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Consistency of adults' earliest memories across two years


Ece, Berivan; Demiray, Burcu; Gülgöz, Sami (2019). Consistency of adults' earliest memories across two years. Memory, 27(1):28-37.

Abstract

The consistency of earliest memories in content, dating, and memory qualities was investigated. A total of 84 (27 males; M$_{age}$ = 24.93, SD = 1.36) adults reported earliest memories, estimated ages, and rated their recollections on memory qualities with a two-year time lag. At Time 2, their original reports at Time 1 were presented and they were asked to report whether the earliest memories they recalled at Time 2 were the same. Fifty-six per cent of the participants reported the same earliest memories and those remembering the same events had earlier memories than those remembering different ones. Although no significant differences were observed in estimated ages on the basis of mean ages, a predating bias of later memories and a tendency to postdate earlier memories were observed on the basis of a 48-month cut-off point. Thus, how the data is analysed is critical in detecting dating biases or errors affecting conclusions and interpretations about the dating consistency of earliest memories. Finally, memory qualities of earliest memories displayed a high level of consistency with a two-year time lag regardless of remembering the same versus different event.

Abstract

The consistency of earliest memories in content, dating, and memory qualities was investigated. A total of 84 (27 males; M$_{age}$ = 24.93, SD = 1.36) adults reported earliest memories, estimated ages, and rated their recollections on memory qualities with a two-year time lag. At Time 2, their original reports at Time 1 were presented and they were asked to report whether the earliest memories they recalled at Time 2 were the same. Fifty-six per cent of the participants reported the same earliest memories and those remembering the same events had earlier memories than those remembering different ones. Although no significant differences were observed in estimated ages on the basis of mean ages, a predating bias of later memories and a tendency to postdate earlier memories were observed on the basis of a 48-month cut-off point. Thus, how the data is analysed is critical in detecting dating biases or errors affecting conclusions and interpretations about the dating consistency of earliest memories. Finally, memory qualities of earliest memories displayed a high level of consistency with a two-year time lag regardless of remembering the same versus different event.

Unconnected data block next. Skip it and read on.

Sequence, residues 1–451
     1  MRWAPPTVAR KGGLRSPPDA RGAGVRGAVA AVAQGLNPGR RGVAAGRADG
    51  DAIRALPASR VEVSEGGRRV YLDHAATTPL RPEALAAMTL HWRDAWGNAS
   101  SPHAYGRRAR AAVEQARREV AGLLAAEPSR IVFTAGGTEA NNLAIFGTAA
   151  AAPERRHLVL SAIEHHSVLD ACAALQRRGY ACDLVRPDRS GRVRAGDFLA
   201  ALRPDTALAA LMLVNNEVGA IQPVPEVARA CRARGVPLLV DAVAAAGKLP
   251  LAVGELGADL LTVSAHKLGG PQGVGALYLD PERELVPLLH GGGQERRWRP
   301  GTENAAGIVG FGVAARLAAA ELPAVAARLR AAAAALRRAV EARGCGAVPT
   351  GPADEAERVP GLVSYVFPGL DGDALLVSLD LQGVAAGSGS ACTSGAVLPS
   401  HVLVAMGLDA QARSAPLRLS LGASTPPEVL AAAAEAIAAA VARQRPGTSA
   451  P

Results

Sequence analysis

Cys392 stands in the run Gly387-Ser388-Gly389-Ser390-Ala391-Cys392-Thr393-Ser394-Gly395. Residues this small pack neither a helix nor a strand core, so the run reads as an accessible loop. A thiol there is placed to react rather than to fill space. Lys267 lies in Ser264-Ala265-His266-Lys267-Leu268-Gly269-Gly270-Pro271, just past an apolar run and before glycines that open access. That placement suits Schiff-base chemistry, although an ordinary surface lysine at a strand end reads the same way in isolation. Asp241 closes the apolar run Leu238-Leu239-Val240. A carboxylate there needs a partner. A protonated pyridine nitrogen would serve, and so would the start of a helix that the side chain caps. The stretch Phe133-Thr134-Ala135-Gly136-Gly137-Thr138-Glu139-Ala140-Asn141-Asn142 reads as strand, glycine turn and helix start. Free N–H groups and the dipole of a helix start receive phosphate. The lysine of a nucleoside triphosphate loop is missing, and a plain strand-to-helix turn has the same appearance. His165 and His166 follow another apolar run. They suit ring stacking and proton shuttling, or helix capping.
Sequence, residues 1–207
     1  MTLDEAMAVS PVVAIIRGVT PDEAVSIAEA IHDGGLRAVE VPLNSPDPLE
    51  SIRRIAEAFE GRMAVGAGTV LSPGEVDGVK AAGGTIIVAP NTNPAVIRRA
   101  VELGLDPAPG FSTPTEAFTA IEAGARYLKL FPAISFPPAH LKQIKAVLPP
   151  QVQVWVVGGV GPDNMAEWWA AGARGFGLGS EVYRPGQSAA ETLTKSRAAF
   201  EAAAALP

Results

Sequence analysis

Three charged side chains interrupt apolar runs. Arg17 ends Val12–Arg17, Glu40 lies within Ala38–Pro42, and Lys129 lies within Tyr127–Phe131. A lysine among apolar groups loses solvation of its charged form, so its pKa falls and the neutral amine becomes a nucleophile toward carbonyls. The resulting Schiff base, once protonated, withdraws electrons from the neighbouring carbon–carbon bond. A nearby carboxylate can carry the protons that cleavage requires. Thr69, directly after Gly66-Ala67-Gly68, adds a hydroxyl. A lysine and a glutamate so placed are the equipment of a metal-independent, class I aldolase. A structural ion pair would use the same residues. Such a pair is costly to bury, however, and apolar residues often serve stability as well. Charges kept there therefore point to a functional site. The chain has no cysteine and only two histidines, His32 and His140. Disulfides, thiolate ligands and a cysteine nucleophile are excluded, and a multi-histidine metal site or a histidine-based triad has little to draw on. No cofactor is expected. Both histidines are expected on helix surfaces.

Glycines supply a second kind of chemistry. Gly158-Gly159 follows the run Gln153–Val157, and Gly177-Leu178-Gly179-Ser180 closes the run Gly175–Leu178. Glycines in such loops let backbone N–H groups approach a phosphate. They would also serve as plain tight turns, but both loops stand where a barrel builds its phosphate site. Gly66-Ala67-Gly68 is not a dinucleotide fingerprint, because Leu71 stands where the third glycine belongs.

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Item Type:Journal Article, refereed, original work
Communities & Collections:06 Faculty of Arts > Institute of Psychology
Dewey Decimal Classification:150 Psychology
Language:English
Date:January 2019
Deposited On:22 Jan 2020 11:18
Last Modified:22 Jan 2020 11:38
Publisher:Taylor & Francis
ISSN:0965-8211
OA Status:Closed
Publisher DOI:https://doi.org/10.1080/09658211.2018.1458321
PubMed ID:29607743

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